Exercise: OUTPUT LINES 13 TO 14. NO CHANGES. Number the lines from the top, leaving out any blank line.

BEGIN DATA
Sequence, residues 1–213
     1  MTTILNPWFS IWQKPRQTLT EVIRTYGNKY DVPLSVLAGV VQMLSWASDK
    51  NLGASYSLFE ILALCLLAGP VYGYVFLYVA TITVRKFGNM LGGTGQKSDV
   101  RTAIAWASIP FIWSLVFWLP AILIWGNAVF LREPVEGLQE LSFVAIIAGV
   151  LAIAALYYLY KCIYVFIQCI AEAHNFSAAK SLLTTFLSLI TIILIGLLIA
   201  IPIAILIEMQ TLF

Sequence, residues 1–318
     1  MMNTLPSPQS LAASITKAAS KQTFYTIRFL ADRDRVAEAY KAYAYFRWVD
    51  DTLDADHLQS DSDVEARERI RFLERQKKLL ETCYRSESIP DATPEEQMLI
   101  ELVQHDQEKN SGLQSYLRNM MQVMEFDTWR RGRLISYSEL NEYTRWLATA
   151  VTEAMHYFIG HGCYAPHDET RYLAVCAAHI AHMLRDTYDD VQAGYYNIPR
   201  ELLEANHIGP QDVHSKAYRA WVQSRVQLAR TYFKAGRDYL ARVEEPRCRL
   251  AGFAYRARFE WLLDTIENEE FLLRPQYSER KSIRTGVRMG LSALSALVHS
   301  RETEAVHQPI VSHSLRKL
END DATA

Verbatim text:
   251  AGFAYRARFE WLLDTIENEE FLLRPQYSER KSIRTGVRMG LSALSALVHS
   301  RETEAVHQPI VSHSLRKL